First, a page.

So far I was able to make a wireless chat channel in which every letter I typed on one computer would also appear at a second computer and vice versa (through my own Java software). As my task is to set up a communications network where we can query remote data of multiple sensors, you may have already guessed that the network design might get a bit more complicated than the basic AT mode point-to-point connections that I’ve been experimenting with so far. With ZigBee we have 3 different types of devices that can be found in a network:
Coordinator (PAN coordinator): this devices coordinates every networking traffic, it acts more or less like a gateway modem in most applications. There must always be at least one, and only one coordinator per network.
Router (full function device): this devices can act as an end device in such a way that it can receive commands and send I/O data, but furthermore it can also route data to other devices. Routers acts more or less like devices in between the coordinator and endpoints, they can for example extend the reach of a network when the transmitting power of the coordinator is not strong enough.
Endpoints (reduced function device): these are the most basic ZigBee devices and allow only queries to be executed or (I/O) to be send to the coordinator.
The above image shows few example of how XBee modules might be interconnected. We can determine few things from this picture:
1) the PAN coordinator is the one we’re going to have to connect to our RaspBerry-Pi linux server which we will use as gateway to our home IP network.
2) the more advanced network topology requires us to use API mode firmware on our XBee devices (see my previous post)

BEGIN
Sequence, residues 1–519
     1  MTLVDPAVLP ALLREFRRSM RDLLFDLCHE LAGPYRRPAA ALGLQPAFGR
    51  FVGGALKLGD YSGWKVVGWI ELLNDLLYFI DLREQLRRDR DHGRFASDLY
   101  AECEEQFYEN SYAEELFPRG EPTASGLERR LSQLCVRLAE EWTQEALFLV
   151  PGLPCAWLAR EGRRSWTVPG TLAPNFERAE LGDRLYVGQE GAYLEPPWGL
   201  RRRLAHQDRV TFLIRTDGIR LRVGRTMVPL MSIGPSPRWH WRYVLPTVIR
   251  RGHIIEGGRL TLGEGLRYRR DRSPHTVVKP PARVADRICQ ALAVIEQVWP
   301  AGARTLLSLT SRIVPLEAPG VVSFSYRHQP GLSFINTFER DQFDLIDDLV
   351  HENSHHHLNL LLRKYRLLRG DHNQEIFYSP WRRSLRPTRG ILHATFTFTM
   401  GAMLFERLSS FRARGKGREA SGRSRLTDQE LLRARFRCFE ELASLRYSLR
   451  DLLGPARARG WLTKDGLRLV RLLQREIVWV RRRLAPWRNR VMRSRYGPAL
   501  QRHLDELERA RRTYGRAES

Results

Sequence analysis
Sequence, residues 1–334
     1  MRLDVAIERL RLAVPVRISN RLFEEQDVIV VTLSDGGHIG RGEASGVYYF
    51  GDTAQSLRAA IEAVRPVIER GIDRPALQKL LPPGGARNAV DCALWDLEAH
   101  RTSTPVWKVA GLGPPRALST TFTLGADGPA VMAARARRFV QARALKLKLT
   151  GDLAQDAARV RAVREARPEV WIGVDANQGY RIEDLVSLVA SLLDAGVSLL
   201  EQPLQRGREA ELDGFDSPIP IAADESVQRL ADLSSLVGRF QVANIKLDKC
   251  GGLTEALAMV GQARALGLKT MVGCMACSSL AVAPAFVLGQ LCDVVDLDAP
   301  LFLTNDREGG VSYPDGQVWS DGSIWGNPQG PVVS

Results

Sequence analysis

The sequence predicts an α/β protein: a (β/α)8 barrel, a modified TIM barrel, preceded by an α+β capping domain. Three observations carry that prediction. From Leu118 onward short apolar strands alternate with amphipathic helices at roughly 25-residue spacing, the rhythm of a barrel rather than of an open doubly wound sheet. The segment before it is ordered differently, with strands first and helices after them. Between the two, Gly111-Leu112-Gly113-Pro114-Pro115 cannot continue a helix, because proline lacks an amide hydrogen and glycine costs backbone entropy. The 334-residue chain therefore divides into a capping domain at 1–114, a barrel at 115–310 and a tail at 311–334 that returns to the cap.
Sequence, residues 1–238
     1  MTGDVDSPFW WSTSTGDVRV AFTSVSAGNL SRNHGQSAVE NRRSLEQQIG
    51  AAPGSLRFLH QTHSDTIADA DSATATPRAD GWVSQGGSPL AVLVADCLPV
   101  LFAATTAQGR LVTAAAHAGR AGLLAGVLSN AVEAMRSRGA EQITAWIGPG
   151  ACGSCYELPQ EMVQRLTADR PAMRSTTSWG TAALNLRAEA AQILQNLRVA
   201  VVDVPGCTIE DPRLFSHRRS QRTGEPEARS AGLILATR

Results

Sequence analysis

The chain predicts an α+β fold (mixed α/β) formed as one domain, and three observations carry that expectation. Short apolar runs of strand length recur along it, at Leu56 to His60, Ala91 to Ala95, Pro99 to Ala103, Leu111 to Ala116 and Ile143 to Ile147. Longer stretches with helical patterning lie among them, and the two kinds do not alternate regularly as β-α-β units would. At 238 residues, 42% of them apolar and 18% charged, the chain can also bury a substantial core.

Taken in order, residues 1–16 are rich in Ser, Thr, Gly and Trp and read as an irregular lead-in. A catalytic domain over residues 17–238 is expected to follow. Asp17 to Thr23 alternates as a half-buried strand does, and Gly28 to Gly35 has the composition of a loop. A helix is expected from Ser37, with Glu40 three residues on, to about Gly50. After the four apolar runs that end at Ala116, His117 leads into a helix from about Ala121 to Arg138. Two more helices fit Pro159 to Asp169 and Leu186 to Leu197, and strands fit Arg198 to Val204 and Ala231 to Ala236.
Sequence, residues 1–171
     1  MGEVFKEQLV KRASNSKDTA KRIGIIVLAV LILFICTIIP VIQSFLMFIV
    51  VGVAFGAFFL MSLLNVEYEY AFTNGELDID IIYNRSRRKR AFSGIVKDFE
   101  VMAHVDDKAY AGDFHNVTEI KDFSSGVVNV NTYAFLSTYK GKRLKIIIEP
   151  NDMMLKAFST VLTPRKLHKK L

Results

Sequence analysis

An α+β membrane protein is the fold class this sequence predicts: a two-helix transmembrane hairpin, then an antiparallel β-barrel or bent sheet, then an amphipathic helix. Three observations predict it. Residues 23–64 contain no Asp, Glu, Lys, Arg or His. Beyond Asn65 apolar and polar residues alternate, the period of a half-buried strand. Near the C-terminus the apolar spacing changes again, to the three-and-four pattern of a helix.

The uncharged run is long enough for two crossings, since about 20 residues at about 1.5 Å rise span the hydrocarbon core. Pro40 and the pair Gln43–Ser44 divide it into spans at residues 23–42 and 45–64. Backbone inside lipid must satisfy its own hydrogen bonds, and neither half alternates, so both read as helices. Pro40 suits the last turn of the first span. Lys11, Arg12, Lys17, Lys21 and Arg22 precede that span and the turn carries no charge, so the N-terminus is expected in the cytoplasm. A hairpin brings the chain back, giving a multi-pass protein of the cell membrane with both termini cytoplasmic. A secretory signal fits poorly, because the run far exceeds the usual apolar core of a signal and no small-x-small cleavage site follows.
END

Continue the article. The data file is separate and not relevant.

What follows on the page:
Also know that end devices do not need to be set up as API mode devices. API frames says something about the communication between our computer and our XBee module, not about what data is being transmitted in between XBee modules.
Most of this information kind be found in Robert Faludi’s book Building Wireless Sensor Networks (ISBN: 978-0-596-80773-3), which due to its practical examples is also recommended for every XBee/ZigBee newbie. Furthermore it seems that other people all ready have been working on implementing the ZigBee API in Java. Andrew Rapp has mode his code available at the following location: https://code.google.com/p/xbee-api/
At this moment I can confirm this API to be working in a test application, I have made a basic ZigBee network with one Coordinator API connected to my pc and another Router AT device at a remote location sending the analog voltage at its AD0 pin.
In real life I don’t actually use 2 computers though, I connect the two XBee modules to the same computer but at different USB ports. The idee remains the same though, we’re transmitting the data through the ether, not through the USB controller. The Arduino uController boards act as a USB to Serial converter (like mentioned in previous posts).
What’s next? I hope to have some good news about the delivery of the Raspberry-Pi computer, I’ll also try to set up a more advanced sensor network.